How long is your commute? When you head to work, when do you expect to be home, to see your spouse, your kids, your friends? I bet it usually isn’t much longer than a day, and certainly not five years later! But for a crucial component of the BC ecosystem, a five-year journey home is the norm. We’re talking, of course, about wild salmon!
The great abundance of wild salmon was an intrinsic environmental building block that helped the First Nations cultures of the Northwest Coast to flourish. According to many First Nations histories, Salmon is the life source – the provider of food for all animals and humans. Treated with high regard, Salmon is a symbol of immortality and wealth. He reminds us that perseverance wins through in the end, and that it is noble to sacrifice for the young.
There are five species of wild salmon found in the waters off the BC shore – Chinook, Chum, Coho, Sockeye and Pink – and they all have different dominant years for their spawning cycles. For instance, there are incredible Sockeye runs every four years (2014 is the next dominant run), whereas Pinks, the smallest of the West Coast species, surge every two years. And, luckily for us, 2013 is expected to be a huge run for Pinks!
Not only do salmon runs provide entertainment and food for humans, but they are also an integral part of BC’s food chain. The fish return to their freshwater breeding grounds between August and October most years – perfect timing for the bears who need to fatten up before hibernation! In addition to bears, eagles, otters, racoons and other local animals are usually found around the spawning beds, feasting on mature salmon.
It may seem sad that the salmon never get to see their young hatch, but it speaks to their connection to the life cycle that their sacrifice can support their predators through the difficulties of winter.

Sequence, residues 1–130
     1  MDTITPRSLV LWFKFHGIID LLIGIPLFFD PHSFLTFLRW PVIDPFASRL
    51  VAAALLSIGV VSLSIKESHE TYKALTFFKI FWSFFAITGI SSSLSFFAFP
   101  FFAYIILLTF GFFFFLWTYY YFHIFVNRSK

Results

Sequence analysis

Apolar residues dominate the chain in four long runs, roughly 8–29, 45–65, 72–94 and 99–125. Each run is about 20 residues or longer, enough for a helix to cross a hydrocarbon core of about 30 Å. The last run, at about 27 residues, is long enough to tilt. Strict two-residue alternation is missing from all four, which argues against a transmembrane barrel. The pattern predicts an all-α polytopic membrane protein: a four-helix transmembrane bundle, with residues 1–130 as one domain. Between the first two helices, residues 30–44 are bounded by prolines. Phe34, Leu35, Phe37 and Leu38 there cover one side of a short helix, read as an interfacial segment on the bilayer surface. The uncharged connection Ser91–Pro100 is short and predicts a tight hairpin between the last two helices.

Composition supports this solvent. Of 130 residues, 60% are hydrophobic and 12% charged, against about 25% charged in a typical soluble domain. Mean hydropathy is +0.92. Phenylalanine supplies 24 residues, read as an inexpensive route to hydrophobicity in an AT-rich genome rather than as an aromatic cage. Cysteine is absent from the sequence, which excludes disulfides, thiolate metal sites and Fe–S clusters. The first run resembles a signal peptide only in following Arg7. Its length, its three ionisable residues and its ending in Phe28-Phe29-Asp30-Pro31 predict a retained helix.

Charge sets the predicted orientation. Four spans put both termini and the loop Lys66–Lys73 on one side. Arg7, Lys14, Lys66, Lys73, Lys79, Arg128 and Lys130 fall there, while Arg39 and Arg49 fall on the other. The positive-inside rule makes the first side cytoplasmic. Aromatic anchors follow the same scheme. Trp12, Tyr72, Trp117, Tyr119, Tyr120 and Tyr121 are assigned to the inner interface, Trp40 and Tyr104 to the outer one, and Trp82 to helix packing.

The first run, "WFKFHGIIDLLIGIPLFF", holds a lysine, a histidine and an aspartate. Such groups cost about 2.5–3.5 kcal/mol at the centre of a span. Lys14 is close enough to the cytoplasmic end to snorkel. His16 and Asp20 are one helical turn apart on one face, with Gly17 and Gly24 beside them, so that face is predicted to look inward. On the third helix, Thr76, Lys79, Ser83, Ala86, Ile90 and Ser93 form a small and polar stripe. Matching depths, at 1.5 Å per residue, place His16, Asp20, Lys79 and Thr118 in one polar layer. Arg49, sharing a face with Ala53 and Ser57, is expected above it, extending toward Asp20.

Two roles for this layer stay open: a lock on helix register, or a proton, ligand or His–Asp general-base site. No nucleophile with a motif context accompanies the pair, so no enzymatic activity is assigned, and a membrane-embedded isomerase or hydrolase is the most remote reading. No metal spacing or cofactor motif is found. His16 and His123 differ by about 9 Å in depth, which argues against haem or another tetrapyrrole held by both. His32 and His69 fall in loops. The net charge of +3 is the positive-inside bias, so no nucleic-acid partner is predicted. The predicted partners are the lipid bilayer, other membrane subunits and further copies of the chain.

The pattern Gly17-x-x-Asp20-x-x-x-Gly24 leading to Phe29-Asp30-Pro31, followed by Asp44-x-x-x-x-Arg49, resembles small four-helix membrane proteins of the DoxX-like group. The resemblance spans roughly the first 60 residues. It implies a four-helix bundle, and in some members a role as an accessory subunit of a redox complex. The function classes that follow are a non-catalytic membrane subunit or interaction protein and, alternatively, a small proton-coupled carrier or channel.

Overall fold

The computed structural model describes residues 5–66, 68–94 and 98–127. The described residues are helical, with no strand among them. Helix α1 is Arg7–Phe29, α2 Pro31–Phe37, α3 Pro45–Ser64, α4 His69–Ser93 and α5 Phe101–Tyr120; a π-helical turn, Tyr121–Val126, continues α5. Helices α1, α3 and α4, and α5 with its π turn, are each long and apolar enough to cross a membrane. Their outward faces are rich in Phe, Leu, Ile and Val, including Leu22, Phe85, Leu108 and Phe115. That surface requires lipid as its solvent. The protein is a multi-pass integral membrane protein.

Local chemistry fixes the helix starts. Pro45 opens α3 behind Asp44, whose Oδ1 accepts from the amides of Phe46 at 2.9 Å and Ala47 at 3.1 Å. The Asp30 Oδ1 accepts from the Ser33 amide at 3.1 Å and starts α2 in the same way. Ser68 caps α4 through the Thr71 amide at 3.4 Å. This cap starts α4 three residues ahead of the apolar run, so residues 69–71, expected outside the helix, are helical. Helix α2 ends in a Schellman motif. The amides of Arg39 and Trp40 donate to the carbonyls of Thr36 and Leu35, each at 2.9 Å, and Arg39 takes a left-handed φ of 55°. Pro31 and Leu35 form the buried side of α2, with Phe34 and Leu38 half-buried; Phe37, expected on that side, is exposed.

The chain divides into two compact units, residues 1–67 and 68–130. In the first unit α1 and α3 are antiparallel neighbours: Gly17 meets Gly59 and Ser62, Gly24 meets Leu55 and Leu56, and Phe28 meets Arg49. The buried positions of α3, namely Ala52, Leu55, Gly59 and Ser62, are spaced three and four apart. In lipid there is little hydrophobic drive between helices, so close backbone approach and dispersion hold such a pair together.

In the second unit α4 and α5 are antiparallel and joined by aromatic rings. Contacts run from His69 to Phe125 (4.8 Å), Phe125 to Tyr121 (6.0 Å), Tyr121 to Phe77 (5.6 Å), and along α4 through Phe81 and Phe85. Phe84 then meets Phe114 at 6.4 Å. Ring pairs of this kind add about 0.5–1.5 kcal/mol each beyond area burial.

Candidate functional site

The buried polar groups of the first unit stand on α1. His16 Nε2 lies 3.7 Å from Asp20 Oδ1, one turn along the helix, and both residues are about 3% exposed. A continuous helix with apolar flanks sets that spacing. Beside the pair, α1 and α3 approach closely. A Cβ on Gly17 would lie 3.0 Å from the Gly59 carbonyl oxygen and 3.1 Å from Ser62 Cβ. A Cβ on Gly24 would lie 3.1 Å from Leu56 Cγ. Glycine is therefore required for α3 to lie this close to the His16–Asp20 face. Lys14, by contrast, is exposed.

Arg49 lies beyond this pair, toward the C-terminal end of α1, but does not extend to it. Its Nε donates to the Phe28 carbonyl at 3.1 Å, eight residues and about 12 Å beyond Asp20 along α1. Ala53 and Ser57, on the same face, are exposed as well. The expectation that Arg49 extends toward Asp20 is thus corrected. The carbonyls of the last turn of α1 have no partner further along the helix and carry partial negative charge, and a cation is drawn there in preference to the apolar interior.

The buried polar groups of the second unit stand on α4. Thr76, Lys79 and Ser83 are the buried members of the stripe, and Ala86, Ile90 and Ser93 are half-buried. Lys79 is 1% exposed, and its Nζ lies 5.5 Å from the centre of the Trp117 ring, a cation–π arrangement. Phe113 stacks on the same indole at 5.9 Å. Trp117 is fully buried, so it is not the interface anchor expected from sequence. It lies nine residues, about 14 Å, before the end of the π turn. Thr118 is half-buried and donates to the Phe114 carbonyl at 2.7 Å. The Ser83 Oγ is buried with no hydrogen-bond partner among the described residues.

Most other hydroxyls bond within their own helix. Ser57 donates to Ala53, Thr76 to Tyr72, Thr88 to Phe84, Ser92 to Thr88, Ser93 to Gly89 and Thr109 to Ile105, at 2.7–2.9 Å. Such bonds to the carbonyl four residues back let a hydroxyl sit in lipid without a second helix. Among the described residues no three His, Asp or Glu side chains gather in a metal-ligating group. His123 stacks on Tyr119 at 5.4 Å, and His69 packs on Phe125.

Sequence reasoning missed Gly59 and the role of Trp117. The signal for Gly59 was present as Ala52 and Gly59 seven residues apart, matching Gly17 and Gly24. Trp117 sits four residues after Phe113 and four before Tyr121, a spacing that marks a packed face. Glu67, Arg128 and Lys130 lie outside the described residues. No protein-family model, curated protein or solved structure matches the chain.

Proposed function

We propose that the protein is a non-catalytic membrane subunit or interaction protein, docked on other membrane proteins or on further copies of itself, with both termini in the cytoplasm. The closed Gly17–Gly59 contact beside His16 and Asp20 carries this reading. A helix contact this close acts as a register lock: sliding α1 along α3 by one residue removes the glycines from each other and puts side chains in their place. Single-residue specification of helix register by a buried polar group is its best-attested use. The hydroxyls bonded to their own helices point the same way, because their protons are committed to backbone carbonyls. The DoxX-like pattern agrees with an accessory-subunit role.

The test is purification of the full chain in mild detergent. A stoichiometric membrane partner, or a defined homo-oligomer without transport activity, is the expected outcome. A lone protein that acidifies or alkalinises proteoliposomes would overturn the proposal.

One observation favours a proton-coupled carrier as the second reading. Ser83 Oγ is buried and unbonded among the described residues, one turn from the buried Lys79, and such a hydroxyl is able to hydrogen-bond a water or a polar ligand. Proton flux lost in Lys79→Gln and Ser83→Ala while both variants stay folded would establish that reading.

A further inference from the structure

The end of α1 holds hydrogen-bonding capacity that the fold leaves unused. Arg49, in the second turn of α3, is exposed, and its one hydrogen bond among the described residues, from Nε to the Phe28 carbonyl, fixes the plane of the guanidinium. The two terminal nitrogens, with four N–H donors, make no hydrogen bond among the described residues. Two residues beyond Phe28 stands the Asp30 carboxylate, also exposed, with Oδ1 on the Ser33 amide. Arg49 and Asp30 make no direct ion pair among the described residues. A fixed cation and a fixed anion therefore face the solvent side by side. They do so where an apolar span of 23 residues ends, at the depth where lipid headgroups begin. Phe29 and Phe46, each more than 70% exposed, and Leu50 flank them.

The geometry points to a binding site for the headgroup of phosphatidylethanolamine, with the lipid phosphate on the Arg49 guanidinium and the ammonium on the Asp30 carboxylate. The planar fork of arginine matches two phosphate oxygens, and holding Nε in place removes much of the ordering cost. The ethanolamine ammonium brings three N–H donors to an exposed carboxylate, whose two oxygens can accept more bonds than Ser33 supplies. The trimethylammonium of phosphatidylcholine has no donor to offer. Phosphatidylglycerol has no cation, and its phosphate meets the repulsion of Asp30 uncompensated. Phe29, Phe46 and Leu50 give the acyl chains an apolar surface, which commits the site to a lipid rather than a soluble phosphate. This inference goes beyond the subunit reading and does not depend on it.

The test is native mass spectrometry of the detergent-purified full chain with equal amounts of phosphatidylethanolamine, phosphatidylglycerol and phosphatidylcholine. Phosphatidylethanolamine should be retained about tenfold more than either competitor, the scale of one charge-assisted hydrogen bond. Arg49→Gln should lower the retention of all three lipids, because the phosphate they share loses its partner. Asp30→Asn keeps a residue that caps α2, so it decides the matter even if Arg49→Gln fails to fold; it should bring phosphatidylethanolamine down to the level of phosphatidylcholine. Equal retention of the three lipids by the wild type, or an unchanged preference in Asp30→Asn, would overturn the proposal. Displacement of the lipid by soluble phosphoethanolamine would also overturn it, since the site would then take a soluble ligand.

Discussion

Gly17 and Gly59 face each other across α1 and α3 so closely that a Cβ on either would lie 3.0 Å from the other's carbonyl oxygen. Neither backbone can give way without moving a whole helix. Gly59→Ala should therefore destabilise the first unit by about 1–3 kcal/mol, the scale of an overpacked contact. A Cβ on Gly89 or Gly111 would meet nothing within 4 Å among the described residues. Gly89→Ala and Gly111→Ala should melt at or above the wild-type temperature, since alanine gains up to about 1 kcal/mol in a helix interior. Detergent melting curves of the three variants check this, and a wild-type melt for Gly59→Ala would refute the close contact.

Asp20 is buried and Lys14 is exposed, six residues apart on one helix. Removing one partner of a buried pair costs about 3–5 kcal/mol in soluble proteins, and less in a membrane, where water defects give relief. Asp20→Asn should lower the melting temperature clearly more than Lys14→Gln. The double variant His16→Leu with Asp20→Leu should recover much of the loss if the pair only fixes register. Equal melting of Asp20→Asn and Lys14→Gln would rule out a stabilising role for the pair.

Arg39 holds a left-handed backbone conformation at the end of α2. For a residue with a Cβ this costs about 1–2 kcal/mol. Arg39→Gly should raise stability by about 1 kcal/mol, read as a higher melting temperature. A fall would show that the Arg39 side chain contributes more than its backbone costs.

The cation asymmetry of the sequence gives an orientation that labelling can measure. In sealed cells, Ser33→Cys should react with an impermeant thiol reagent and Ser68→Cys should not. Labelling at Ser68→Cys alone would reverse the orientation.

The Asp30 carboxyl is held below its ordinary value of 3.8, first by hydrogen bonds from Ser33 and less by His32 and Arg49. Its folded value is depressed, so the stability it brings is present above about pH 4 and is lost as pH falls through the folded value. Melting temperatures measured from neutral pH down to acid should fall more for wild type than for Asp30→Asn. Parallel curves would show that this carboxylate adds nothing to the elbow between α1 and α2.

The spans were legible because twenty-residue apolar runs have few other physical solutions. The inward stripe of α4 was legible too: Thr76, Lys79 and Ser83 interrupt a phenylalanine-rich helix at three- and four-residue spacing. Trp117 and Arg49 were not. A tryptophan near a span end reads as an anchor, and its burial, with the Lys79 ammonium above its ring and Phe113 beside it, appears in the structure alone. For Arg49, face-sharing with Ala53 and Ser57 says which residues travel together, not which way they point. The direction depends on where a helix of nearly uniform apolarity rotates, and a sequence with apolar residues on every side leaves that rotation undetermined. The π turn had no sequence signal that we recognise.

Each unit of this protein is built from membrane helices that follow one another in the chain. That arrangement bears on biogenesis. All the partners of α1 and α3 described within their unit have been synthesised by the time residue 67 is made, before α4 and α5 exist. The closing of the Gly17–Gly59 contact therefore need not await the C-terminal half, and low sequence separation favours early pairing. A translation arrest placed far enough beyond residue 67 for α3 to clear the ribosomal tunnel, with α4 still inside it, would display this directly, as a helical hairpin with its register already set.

If you want to see bears and eagles, Squamish and Victoria have incredible wildlife sightings during the salmon runs. Take your family out for the day and enjoy! Personally, I am always floored by the abundance of wild animals so close to the city. It reminds me of how lucky I am and of our responsibility to protect this beautiful place we call home.
If you plan on fishing this year, please be respectful of the environment. Overfishing can cause the population to collapse, and that would have drastic consequences echoing up the ecosystem. Make sure you buy a fishing license (it’s only $28 and it lasts all year!), respect the daily catch limits and always release small fish or spawning females. By doing our part to protect this precious life cycle, we can help sustain it for generations to come.
Of course, if you don’t want to go out to the river and bring back some wild fish, consider any of the Salmon gifts featured in this post. They are all available through our convention gift site, Lions Gate Gifts.
And we want to know: Have you had the chance to watch a salmon run? What was your favourite memory from that experience? Maybe you saw a bear or taught your kids to fish? Tell us in the comments below!